I wanted to write a little about the sharp downfall of the oldies and classic rock radio I cherished so much in my teens and very early twenties.
I’ve been a Monkeemaniac since the ’86 revival, but I wasn’t really into any other vintage bands until I was thirteen. When my family were visiting my paternal grandparents in late ’92, I was watching VH1 and saw the music video for “Daydream Believer.” It reignited my Monkeemania in a huge way, and on 25 January 1993, I began tuning in to the two local oldies stations which were then in business.
The first weekend of February, I listened to Dick Bartley’s Rock and Roll’s Greatest Hits and American Gold (now renamed The Classic Countdown) for the first time. I still remember that the spotlight on Greatest Hits, that very first time I tuned in, was The Dave Clark Five, and it was a really big deal because their greatest hits were coming out on CD.
I was quickly exposed to and enamoured of so many of the awesome bands, groups, and musical acts of the Classic Top 40 era. During this early period of getting to know everything I could about Sixties music, The Monkees ceased being my favourite band, and were replaced by The Four Seasons. Then my third musical love became The Beatles, whom I officially declared as my favourite band on 9 April 1994. My fourth musical love is The Who, since late 2000, though The Beatles are still the musical love of my life. I sincerely believe they saved my life when I was so depressed and angry in eighth grade.
Anyway, there was such awesome variety, and a lot more special weekend programmes than are carried in my area nowadays. Besides The Four Seasons and The Beatles, I also got into The Hollies and Herman’s Hermits during this period, and a number of other artists whom I liked a lot. (I’m very particular about my favourite bands. I prefer a smaller list of quality acts I know I’ll love for the rest of my life, instead of a huge list that’s constantly changing.)
Since early ’95, there’s only been one local oldies station, and only one of Dick Bartley’s programmes, Rock and Roll’s Greatest Hits, is still carried. In perhaps 2007, the one remaining oldies station expanded their playlist to songs from about 1975-89. I was concerned about that development, but didn’t really realise what it meant for the future of oldies and classic rock radio.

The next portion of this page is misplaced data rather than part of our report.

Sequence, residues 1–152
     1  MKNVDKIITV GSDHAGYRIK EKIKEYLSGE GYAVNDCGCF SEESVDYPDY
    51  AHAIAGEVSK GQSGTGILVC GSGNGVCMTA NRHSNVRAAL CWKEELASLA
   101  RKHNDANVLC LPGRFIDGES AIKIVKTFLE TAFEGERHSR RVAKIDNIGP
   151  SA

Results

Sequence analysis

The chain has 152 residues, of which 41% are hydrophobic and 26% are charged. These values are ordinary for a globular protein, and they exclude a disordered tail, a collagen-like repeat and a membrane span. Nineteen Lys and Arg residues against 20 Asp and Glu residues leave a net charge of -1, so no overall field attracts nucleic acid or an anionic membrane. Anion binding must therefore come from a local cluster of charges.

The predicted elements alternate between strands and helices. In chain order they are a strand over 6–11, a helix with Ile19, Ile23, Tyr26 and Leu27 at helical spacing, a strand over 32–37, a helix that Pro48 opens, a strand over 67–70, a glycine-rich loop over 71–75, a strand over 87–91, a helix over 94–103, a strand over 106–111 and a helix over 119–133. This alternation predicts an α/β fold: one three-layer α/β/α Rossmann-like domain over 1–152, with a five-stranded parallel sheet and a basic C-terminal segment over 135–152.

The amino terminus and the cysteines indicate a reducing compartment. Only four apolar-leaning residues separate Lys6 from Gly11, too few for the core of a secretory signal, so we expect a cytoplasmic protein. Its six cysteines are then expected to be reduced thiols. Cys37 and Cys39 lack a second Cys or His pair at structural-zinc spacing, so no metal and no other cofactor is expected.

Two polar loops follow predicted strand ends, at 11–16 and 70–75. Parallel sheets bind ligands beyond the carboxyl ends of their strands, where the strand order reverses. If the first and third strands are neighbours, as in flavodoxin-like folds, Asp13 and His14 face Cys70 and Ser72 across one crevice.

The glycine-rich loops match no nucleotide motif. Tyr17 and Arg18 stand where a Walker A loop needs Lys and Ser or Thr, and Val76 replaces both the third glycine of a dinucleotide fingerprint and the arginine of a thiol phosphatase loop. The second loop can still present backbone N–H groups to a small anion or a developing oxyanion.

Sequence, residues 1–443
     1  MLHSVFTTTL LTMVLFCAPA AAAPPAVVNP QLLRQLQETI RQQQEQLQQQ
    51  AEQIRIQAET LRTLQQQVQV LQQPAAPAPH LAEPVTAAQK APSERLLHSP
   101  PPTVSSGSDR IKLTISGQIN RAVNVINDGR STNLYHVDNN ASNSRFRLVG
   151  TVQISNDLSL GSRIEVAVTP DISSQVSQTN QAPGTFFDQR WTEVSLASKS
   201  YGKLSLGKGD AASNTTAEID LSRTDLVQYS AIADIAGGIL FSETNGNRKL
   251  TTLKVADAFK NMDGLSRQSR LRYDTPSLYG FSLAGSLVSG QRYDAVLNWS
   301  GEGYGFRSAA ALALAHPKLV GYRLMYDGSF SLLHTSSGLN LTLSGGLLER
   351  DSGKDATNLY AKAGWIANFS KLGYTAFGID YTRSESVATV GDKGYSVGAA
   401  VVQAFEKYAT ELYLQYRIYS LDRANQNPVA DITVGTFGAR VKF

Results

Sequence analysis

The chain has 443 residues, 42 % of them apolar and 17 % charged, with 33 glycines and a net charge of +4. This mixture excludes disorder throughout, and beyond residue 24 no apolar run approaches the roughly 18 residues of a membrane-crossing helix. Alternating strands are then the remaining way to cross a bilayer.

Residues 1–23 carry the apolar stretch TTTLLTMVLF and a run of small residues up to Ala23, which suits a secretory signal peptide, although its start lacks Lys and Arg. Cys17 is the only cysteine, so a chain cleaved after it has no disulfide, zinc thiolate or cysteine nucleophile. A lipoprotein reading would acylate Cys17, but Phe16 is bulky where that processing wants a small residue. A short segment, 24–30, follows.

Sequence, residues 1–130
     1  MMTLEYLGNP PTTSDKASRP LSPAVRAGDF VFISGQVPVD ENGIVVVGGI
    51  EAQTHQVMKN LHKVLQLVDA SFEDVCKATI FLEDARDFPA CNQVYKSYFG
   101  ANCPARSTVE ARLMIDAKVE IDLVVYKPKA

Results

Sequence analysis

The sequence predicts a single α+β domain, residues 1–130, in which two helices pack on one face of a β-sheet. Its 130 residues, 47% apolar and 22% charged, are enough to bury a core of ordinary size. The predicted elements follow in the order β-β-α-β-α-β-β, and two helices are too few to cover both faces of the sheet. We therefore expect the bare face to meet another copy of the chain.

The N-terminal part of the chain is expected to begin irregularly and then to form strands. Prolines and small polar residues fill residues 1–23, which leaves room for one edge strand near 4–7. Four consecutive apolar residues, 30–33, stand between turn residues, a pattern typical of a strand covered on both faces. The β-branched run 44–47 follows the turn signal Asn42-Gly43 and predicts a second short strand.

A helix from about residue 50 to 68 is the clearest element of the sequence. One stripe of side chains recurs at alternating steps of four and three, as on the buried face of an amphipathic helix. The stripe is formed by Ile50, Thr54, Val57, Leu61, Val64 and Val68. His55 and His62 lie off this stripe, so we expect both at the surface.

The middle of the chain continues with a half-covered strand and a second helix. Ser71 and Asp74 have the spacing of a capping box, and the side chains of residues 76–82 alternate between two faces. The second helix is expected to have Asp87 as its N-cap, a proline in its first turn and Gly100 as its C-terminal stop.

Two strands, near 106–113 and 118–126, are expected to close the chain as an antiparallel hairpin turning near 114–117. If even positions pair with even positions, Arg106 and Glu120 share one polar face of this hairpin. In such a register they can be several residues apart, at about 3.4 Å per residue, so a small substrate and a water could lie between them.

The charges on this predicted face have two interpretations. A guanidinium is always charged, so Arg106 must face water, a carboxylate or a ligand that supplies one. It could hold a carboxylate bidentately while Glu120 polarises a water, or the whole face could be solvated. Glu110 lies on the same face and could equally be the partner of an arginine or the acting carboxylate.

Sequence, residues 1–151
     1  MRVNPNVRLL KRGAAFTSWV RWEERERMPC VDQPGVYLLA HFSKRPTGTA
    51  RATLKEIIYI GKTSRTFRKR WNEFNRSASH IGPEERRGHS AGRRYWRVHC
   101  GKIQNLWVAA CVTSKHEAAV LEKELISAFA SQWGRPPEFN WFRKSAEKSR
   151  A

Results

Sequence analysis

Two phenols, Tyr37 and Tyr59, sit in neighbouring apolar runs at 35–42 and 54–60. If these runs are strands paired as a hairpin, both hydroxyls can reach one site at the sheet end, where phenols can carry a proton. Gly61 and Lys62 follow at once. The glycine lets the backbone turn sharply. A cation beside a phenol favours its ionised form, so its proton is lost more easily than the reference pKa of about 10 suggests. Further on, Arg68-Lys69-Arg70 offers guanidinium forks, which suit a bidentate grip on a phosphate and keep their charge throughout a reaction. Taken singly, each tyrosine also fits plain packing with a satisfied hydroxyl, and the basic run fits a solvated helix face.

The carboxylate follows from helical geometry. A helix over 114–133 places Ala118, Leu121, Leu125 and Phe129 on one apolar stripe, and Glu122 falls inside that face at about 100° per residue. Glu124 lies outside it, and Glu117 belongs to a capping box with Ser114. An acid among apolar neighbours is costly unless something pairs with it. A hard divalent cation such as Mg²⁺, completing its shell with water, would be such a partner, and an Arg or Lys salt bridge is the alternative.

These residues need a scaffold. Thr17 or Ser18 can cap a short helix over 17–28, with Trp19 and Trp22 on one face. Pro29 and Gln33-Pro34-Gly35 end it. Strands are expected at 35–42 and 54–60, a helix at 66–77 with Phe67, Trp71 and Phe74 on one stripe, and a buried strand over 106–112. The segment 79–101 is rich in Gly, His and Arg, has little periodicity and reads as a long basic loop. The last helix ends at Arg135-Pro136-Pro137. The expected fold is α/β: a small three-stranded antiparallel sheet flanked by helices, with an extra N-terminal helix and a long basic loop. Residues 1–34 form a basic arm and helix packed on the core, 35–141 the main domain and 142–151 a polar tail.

Had I wanted to get back in touch with my Monkeemania today, I wouldn’t have such a richness of resources for Classic Top 40 radio. Now that I think about it, there’s a lot less variety today. Barely any pre-1964 music is played, to say nothing of early rock from the late Fifties. And there are far less songs per each act played. You’d think these people only had 4-5 songs each, instead of lots of albums and singles to mine from.
Dick Bartley really sold out when he switched to Seventies and Eighties music, and stopped playing true oldies, the classic rock and pop I fell so in love with at thirteen. As much as I love Eighties music, it’s not classic rock! I don’t want the songs from my childhood to be repackaged as oldies or “classic hits”! They’re Eighties music. It’s not just about feeling old, but about the traditional definition of oldies, about 1955-74.
I can easily think of a lot of songs I regularly heard back in my early teens, which I never or very rarely hear played these days. Apparently this is happening at many other radio stations, the oldest songs being dropped and a focus being on songs from 1975 on. There are some songs I immediately turn off or change the channel on, like “American Pie,” “Hotel California,” and “Pinball Wizard,” because they’ve been so freaking overplayed.
I felt so violated the night Dick Bartley played a shortened version of “Won’t Get Fooled Again.” That was just wrong. If you can regularly play “Hey Jude,” you can play a song that’s a little big longer. He also routinely says he’s not playing the 17-minute version of “In-A-Gadda-Da-Vida.”
So what if the demographic who liked pre-1964 music, or oldies in general, is dying off? Young people like old music too, and now they’ll have less of a chance to discover it. Not all young people are into the music of their generation. I never was. I didn’t even become a Duranie until they were eligible for the Rock and Roll Hall of Fame, though we all know that élitist jerk Jann Wenner is probably keeping them out just like The Monkees, and many other worthy artists who’ve been eligible for years.
Apparently I’m in a minority for wanting to hear more than the same 500 songs over and over again. I want album cuts, B-sides, Top 100 hits, lesser-known material. Not “Brown-Eyed Girl,” “(I Can’t Get No) Satisfaction,” “Hotel California,” “Mrs. Robinson,” “Long Cool Woman in a Black Dress,” and “Suspicious Minds” yet AGAIN. If listeners aren’t exposed to other material, they won’t know about it to request it. Let’s get back to a more diverse programming, not this boring, formulaic crap giving such an incomplete picture of classic rock and pop.